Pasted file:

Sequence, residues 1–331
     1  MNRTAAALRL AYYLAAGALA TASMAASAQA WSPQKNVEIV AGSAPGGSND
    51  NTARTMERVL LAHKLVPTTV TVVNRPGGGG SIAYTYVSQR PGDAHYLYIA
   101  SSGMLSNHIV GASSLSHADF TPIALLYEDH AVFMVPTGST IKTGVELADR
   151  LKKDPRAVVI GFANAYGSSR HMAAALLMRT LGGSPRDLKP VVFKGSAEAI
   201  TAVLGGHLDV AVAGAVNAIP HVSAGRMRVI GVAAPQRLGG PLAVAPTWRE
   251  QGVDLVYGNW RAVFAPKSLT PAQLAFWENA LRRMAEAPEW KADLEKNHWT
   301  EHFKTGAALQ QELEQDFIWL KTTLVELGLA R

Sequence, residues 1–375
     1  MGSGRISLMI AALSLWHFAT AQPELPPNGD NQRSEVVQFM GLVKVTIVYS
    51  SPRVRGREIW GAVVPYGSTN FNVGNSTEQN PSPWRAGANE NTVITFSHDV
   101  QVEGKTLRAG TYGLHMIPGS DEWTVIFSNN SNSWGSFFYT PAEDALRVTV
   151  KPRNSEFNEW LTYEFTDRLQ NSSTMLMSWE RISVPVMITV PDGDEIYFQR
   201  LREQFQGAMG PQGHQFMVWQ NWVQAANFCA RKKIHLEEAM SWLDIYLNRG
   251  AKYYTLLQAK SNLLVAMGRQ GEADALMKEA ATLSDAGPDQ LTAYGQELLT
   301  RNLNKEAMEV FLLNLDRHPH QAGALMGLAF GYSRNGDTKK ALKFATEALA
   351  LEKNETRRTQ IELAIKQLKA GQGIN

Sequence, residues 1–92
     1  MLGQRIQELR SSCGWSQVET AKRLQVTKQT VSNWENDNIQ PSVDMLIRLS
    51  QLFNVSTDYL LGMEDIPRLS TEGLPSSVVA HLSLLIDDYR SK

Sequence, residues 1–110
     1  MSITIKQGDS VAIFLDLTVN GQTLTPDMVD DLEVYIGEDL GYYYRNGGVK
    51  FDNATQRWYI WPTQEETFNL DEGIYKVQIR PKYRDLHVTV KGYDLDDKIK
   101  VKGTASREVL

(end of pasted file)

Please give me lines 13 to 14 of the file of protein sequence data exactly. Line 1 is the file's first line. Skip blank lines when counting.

   151  KPRNSEFNEW LTYEFTDRLQ NSSTMLMSWE RISVPVMITV PDGDEIYFQR
   201  LREQFQGAMG PQGHQFMVWQ NWVQAANFCA RKKIHLEEAM SWLDIYLNRG